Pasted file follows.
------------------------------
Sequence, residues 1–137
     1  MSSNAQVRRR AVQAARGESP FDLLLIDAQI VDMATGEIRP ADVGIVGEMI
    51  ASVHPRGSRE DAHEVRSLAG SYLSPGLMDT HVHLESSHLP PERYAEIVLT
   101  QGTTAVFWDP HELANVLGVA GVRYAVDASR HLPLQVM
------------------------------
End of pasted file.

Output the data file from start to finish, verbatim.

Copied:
Sequence, residues 1–137
     1  MSSNAQVRRR AVQAARGESP FDLLLIDAQI VDMATGEIRP ADVGIVGEMI
    51  ASVHPRGSRE DAHEVRSLAG SYLSPGLMDT HVHLESSHLP PERYAEIVLT
   101  QGTTAVFWDP HELANVLGVA GVRYAVDASR HLPLQVM